Not quite as good as the first book, but still very enjoyable, and I look forward to the next two books in the series, both of which I've already ordered. 


01 October 2017

The River at Night

Synopsis from Goodreads: Winifred Allen needs a vacation.

Stifled by a soul-crushing job, devastated by the death of her beloved brother, and lonely after the end of a fifteen-year marriage, Wini is feeling vulnerable. So when her three best friends insist on a high-octane getaway for their annual girls’ trip, she signs on, despite her misgivings.

What starts out as an invigorating hiking and rafting excursion in the remote Allagash Wilderness soon becomes an all-too-real nightmare; a freak accident leaves the women stranded, separating them from their raft and everything they need to survive. When night descends, a fire on the mountainside lures them to a ramshackle camp that appears to be their lifeline. But as Wini and her friends grasp the true intent of their supposed saviors, long buried secrets emerge and lifelong allegiances are put to the test. To survive, Wini must reach beyond the world she knows to harness an inner strength she never knew she possessed.

With intimately observed characters and visceral prose, 
The River at Night “will leave you gasping, your heart racing, eyes peering over your shoulder to see what follows from behind” (Mary Kubica, New York Times bestselling author). This is a dark exploration of creatures—both friend and foe—that you won’t soon forget. 

Stats for my copy: Trade paperback, Gallery/Scout Press, 2017.

How acquired: Bought.

First line: Early one morning in late March, Pia forced my hand.

My thoughts: I don't even know where to start. I'm not an outdoorsy person. I have a phobia of water that is over my head. I can't swim. I have no desire to camp out or commune with nature. I would never in a million years even consider going white water rafting. I would never survive in the wilderness. And this book just reinforced and justified all of that. But I do love to read survival stories, and this one is absolutely gripping. Not just the story, though. I loved the author's voice, her evocative way with words.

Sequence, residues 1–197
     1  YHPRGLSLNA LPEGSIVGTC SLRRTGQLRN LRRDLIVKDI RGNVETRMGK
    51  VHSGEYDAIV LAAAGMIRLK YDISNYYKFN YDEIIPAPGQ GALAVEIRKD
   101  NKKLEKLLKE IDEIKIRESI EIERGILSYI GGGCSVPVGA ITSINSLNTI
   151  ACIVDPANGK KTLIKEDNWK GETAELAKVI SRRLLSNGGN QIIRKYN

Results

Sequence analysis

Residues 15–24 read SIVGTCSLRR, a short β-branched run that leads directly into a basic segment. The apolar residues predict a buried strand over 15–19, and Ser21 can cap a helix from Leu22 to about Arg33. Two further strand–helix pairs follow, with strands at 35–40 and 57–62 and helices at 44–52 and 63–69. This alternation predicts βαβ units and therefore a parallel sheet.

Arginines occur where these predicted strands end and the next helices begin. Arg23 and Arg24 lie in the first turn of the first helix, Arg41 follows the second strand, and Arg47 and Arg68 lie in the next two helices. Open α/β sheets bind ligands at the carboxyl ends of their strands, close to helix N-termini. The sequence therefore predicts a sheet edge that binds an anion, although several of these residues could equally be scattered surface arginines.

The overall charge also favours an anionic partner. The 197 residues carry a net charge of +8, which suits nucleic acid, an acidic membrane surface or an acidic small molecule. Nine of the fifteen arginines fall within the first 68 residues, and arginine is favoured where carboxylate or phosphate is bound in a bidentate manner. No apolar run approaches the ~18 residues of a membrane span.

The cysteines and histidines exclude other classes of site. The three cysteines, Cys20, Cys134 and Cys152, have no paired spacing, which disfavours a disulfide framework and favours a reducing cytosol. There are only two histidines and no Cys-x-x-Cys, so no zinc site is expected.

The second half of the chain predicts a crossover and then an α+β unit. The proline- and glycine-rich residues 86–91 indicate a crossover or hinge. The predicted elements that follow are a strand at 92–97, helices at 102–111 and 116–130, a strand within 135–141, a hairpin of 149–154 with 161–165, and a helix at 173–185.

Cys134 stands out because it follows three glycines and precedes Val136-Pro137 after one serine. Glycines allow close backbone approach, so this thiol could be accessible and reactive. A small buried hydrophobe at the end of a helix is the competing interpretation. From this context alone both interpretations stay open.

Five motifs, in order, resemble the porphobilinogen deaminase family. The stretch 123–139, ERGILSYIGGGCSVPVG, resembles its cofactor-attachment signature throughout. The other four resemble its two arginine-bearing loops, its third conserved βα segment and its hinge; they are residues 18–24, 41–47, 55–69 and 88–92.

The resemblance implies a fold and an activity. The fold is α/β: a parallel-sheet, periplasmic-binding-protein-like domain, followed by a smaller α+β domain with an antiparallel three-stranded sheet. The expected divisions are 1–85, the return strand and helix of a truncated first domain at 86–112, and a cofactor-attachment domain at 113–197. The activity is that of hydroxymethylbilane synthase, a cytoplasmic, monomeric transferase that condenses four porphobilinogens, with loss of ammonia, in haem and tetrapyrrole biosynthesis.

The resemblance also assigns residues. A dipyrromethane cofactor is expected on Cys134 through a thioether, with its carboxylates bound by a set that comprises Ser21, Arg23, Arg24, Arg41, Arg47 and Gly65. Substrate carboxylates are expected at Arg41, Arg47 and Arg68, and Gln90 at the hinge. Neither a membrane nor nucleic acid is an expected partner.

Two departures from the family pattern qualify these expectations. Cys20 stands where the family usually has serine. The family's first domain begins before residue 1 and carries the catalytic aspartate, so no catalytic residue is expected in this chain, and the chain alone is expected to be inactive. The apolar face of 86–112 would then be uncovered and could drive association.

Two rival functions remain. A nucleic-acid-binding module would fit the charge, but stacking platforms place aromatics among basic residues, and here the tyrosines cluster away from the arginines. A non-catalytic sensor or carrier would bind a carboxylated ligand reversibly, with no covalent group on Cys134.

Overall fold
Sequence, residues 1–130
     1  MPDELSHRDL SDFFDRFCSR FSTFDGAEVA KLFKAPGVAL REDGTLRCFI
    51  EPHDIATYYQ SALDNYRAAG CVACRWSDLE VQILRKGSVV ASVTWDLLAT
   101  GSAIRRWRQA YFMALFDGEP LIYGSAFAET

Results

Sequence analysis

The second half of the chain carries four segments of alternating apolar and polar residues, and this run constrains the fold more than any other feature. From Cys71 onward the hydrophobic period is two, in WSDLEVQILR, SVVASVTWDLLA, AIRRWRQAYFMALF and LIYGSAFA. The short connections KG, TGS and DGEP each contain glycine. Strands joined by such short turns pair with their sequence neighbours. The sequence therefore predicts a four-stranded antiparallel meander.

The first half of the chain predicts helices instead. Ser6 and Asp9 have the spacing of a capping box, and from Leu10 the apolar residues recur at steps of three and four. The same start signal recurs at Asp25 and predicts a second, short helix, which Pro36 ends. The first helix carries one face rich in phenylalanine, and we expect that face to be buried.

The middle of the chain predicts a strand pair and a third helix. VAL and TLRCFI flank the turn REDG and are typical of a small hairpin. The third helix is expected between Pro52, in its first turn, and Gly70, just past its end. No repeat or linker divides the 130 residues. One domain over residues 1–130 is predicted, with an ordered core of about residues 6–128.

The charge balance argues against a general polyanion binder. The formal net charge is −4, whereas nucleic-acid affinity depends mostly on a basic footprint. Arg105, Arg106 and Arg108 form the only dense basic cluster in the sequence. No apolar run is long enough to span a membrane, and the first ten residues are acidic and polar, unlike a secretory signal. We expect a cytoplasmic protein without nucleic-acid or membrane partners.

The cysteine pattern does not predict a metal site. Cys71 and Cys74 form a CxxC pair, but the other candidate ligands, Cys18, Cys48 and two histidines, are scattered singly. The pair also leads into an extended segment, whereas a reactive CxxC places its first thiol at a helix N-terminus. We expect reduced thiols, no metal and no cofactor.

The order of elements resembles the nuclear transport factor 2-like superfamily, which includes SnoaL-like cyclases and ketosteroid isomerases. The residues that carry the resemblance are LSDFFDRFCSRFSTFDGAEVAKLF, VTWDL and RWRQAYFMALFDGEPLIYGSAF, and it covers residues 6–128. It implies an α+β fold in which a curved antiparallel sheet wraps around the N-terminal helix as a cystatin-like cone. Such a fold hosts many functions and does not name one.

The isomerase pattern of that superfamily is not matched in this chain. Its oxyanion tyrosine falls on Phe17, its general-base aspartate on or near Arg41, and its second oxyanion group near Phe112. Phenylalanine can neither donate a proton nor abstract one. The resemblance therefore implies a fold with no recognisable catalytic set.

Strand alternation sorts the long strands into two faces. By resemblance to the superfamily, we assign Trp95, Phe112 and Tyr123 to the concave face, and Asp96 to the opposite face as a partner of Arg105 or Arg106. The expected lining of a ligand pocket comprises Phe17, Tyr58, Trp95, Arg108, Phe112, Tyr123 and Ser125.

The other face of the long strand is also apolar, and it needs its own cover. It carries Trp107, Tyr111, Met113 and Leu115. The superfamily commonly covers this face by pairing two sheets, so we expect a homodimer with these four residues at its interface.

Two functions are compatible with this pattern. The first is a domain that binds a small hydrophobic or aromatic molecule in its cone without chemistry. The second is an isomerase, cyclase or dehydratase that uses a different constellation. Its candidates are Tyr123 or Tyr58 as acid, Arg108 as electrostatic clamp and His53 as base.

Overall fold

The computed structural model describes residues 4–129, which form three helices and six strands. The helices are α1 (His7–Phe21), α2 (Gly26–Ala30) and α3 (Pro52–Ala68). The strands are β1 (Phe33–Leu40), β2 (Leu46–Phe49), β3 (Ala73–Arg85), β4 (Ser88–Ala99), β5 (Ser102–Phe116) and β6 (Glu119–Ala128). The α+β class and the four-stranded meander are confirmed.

The hunter took us in one by one, as if we were words in a sentence he was trying to understand.

The narration is in first person POV by Wini, the most reluctant member of the trip. She'd much prefer to bask on a beach in the sun somewhere, but Pia, the natural leader of the group, enthusiastically drags them all to Maine, where they meet up with their guide for the trip. All four of the women are beautifully written, as are the descriptions of the terrain over which they must first hike, and of course the main character of the story, the vast, tumbling river.
In the distance, our destination: smoke-blue mountains obscured and then revealed by morning fog. I felt equally pulled and repelled. What did the mountains care about our plan to climb them, rafting the waters that divided them? They had eternity before us, and eternity after us. We were nothing to them.

The river isn't the only danger the group faces over three long days. But I feel like anything else I say would be a potential spoiler. So I'll just say this book is terrifyingly terrific.  

24 September 2017

Down & Dirty (Lightning, Book 1)

Synopsis from Goodreads: This hard-bodied football star is used to scoring. But he needs all the right moves to get past a fiery redhead’s defenses in a steamy standalone novel from the bestselling author of Ruined.

Emerson: Talk about bad first impressions. I have too much riding on this job to show up late on my first day looking like the winner of a wet T-shirt contest, all thanks to an arrogant quarterback who drives like he owns the road. Hunter Browning thinks that because he’s famous, he can fix everything with a smile and a wave of his hand. He’s too bronzed, buff, and beautiful for his own good. Or mine. I can’t let on that I’m a fan . . . no matter how much fun we’d have in the sack.

Hunter: Hitting that puddle was my best play since winning the Super Bowl with a touchdown pass. Sure, it’s not my preferred way to get a girl wet, but I’ll make an exception for Emerson Day. She’s got a sharp tongue and a red-hot temper, even with her soaking clothes plastered to her every curve. Now I know exactly what my next play will be: hire Emerson as my personal real-estate agent, save her job—and see if I can take her off the market.

Stats for my copy: .pdf ARC, Loveswept, 2017.

How acquired: Instafreebie.